Try to recover a damaged btrfs filesystem.


Rebuild the filesystem metadata tree (very slow)

$ sudo btrfs rescue chunk-recover [path/to/partition]

Fix device size alignment related problems (e.g. unable to mount the filesystem with super total bytes mismatch)
$ sudo btrfs rescue fix-device-size [path/to/partition]

Recover a corrupted superblock from correct copies (recover the root of filesystem tree)
$ sudo btrfs rescue super-recover [path/to/partition]

Recover from an interrupted transactions (fixes log replay problems)
$ sudo btrfs rescue zero-log [path/to/partition]

Create a /dev/btrfs-control control device when mknod is not installed
$ sudo btrfs rescue create-control-device


btrfs rescue <subcommand> <args>


btrfs rescue is used to try to recover a damaged btrfs filesystem.


chunk-recover [options] <device>

Recover the chunk tree by scanning the devices



assume an answer of yes to all questions.




(deprecated) alias for global -v option


Since chunk-recover will scan the whole device, it will be very slow especially executed on a large device.

fix-device-size <device>

fix device size and super block total bytes values that are do not match

Kernel 4.11 starts to check the device size more strictly and this might mismatch the stored value of total bytes. See the exact error message below. Newer kernel will refuse to mount the filesystem where the values do not match. This error is not fatal and can be fixed. This command will fix the device size values if possible.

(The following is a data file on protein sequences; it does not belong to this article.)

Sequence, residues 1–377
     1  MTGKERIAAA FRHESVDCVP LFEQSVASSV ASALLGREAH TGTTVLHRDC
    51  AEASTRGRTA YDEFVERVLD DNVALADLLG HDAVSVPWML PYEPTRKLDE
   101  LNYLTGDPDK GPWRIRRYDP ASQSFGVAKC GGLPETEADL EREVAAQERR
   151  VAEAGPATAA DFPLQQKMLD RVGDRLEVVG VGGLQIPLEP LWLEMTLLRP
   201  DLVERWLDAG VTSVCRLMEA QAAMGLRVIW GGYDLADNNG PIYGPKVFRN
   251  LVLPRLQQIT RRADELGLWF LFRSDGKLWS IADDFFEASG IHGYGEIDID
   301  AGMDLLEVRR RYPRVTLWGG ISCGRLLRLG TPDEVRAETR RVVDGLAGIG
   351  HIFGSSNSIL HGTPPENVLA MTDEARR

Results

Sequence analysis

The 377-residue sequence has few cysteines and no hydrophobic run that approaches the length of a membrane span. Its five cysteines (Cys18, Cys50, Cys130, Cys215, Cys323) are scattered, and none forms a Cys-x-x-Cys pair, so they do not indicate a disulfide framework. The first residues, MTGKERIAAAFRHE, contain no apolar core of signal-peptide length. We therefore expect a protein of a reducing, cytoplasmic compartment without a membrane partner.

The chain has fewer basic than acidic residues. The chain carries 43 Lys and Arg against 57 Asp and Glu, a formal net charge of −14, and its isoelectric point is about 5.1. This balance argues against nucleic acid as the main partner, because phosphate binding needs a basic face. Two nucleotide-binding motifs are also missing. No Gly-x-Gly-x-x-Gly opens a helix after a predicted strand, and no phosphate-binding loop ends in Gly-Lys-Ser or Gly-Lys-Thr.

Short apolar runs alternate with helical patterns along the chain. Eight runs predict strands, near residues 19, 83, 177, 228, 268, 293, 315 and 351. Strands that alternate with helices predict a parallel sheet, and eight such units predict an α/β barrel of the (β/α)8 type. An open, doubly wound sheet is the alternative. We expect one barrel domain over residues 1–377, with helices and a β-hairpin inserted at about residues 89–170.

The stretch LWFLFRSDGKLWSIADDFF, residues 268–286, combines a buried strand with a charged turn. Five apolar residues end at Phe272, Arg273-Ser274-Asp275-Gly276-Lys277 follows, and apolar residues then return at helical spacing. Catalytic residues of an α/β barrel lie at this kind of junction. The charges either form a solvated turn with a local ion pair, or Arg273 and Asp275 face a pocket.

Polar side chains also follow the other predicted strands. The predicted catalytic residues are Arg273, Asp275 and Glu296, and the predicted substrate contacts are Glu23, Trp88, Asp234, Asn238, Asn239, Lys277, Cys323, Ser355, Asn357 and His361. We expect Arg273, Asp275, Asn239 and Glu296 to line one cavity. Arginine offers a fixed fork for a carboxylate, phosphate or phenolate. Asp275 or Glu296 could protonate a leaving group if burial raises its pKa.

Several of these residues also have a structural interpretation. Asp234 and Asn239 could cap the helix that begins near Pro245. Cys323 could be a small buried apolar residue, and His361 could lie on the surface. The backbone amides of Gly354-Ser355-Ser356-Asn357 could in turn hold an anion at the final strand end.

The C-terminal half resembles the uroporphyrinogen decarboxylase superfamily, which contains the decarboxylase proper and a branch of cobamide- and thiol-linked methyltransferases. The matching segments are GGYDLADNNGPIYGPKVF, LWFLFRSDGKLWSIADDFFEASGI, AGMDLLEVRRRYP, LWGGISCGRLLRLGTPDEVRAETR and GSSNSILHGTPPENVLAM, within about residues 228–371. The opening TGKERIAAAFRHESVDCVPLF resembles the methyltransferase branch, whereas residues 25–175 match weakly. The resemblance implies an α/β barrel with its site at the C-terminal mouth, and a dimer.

BTRFS error (device sdb): super_total_bytes 92017859088384 mismatch with fs_devices total_rw_bytes 92017859094528

The mismatch may also exhibit as a kernel warning:

WARNING: CPU: 3 PID: 439 at fs/btrfs/ctree.h:1559 btrfs_update_device+0x1c5/0x1d0 [btrfs]
clear-uuid-tree <device>

Clear uuid tree, so that kernel can re-generate it at next read-write mount.

Since kernel v4.16 there are more sanity check performed, and sometimes non-critical trees like uuid tree can cause problems and reject the mount. In such case, clearing uuid tree may make the filesystem to be mountable again without much risk as it's built from other trees.

super-recover [options] <device>

Recover bad superblocks from good copies.



assume an answer of yes to all questions.


(deprecated) alias for global -v option

zero-log <device>

clear the filesystem log tree

This command will clear the filesystem log tree. This may fix a specific set of problem when the filesystem mount fails due to the log replay. See below for sample stacktraces that may show up in system log.

The common case where this happens was fixed a long time ago, so it is unlikely that you will see this particular problem, but the command is kept around.


Clearing the log may lead to loss of changes that were made since the last transaction commit. This may be up to 30 seconds (default commit period) or less if the commit was implied by other filesystem activity.

One can determine whether zero-log is needed according to the kernel backtrace:

? replay_one_dir_item+0xb5/0xb5 [btrfs]
? walk_log_tree+0x9c/0x19d [btrfs]
? btrfs_read_fs_root_no_radix+0x169/0x1a1 [btrfs]
? btrfs_recover_log_trees+0x195/0x29c [btrfs]
? replay_one_dir_item+0xb5/0xb5 [btrfs]
? btree_read_extent_buffer_pages+0x76/0xbc [btrfs]
? open_ctree+0xff6/0x132c [btrfs]

If the errors are like above, then zero-log should be used to clear the log and the filesystem may be mounted normally again. The keywords to look for are 'open_ctree' which says that it's during mount and function names that contain replay, recover or log_tree.


btrfs rescue returns a zero exit status if it succeeds. Non zero is returned in case of failure.


btrfs is part of btrfs-progs. Please refer to the btrfs wiki for further details.




mkfs.btrfs(8), btrfs-scrub(8), btrfs-check(8)

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